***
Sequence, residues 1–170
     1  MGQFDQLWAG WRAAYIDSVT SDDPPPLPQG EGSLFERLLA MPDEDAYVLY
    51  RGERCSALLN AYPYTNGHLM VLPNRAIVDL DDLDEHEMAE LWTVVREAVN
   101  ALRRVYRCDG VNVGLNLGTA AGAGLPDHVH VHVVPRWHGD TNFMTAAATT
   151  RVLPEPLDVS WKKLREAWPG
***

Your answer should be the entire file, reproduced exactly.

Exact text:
Sequence, residues 1–170
     1  MGQFDQLWAG WRAAYIDSVT SDDPPPLPQG EGSLFERLLA MPDEDAYVLY
    51  RGERCSALLN AYPYTNGHLM VLPNRAIVDL DDLDEHEMAE LWTVVREAVN
   101  ALRRVYRCDG VNVGLNLGTA AGAGLPDHVH VHVVPRWHGD TNFMTAAATT
   151  RVLPEPLDVS WKKLREAWPG